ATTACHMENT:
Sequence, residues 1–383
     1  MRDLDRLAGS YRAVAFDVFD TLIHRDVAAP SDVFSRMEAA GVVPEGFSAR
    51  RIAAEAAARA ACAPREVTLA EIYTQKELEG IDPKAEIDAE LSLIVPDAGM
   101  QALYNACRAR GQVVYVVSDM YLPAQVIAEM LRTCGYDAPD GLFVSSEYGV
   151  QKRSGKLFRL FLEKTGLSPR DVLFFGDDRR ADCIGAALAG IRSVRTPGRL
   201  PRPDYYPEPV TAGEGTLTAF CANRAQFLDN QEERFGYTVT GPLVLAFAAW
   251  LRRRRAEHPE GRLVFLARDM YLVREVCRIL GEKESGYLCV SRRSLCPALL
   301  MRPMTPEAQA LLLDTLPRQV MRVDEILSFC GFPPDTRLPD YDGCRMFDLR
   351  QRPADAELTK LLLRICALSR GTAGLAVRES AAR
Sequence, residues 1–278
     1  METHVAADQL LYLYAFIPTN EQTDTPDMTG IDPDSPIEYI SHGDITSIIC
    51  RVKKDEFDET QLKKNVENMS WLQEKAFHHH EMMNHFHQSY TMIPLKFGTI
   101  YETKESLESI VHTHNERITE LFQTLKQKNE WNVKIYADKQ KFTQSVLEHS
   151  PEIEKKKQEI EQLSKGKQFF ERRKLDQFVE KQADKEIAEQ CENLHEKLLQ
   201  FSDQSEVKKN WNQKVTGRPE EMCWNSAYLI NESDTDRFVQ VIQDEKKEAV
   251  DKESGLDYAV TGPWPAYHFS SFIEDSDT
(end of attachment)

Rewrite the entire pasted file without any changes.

Sequence, residues 1–383
     1  MRDLDRLAGS YRAVAFDVFD TLIHRDVAAP SDVFSRMEAA GVVPEGFSAR
    51  RIAAEAAARA ACAPREVTLA EIYTQKELEG IDPKAEIDAE LSLIVPDAGM
   101  QALYNACRAR GQVVYVVSDM YLPAQVIAEM LRTCGYDAPD GLFVSSEYGV
   151  QKRSGKLFRL FLEKTGLSPR DVLFFGDDRR ADCIGAALAG IRSVRTPGRL
   201  PRPDYYPEPV TAGEGTLTAF CANRAQFLDN QEERFGYTVT GPLVLAFAAW
   251  LRRRRAEHPE GRLVFLARDM YLVREVCRIL GEKESGYLCV SRRSLCPALL
   301  MRPMTPEAQA LLLDTLPRQV MRVDEILSFC GFPPDTRLPD YDGCRMFDLR
   351  QRPADAELTK LLLRICALSR GTAGLAVRES AAR
Sequence, residues 1–278
     1  METHVAADQL LYLYAFIPTN EQTDTPDMTG IDPDSPIEYI SHGDITSIIC
    51  RVKKDEFDET QLKKNVENMS WLQEKAFHHH EMMNHFHQSY TMIPLKFGTI
   101  YETKESLESI VHTHNERITE LFQTLKQKNE WNVKIYADKQ KFTQSVLEHS
   151  PEIEKKKQEI EQLSKGKQFF ERRKLDQFVE KQADKEIAEQ CENLHEKLLQ
   201  FSDQSEVKKN WNQKVTGRPE EMCWNSAYLI NESDTDRFVQ VIQDEKKEAV
   251  DKESGLDYAV TGPWPAYHFS SFIEDSDT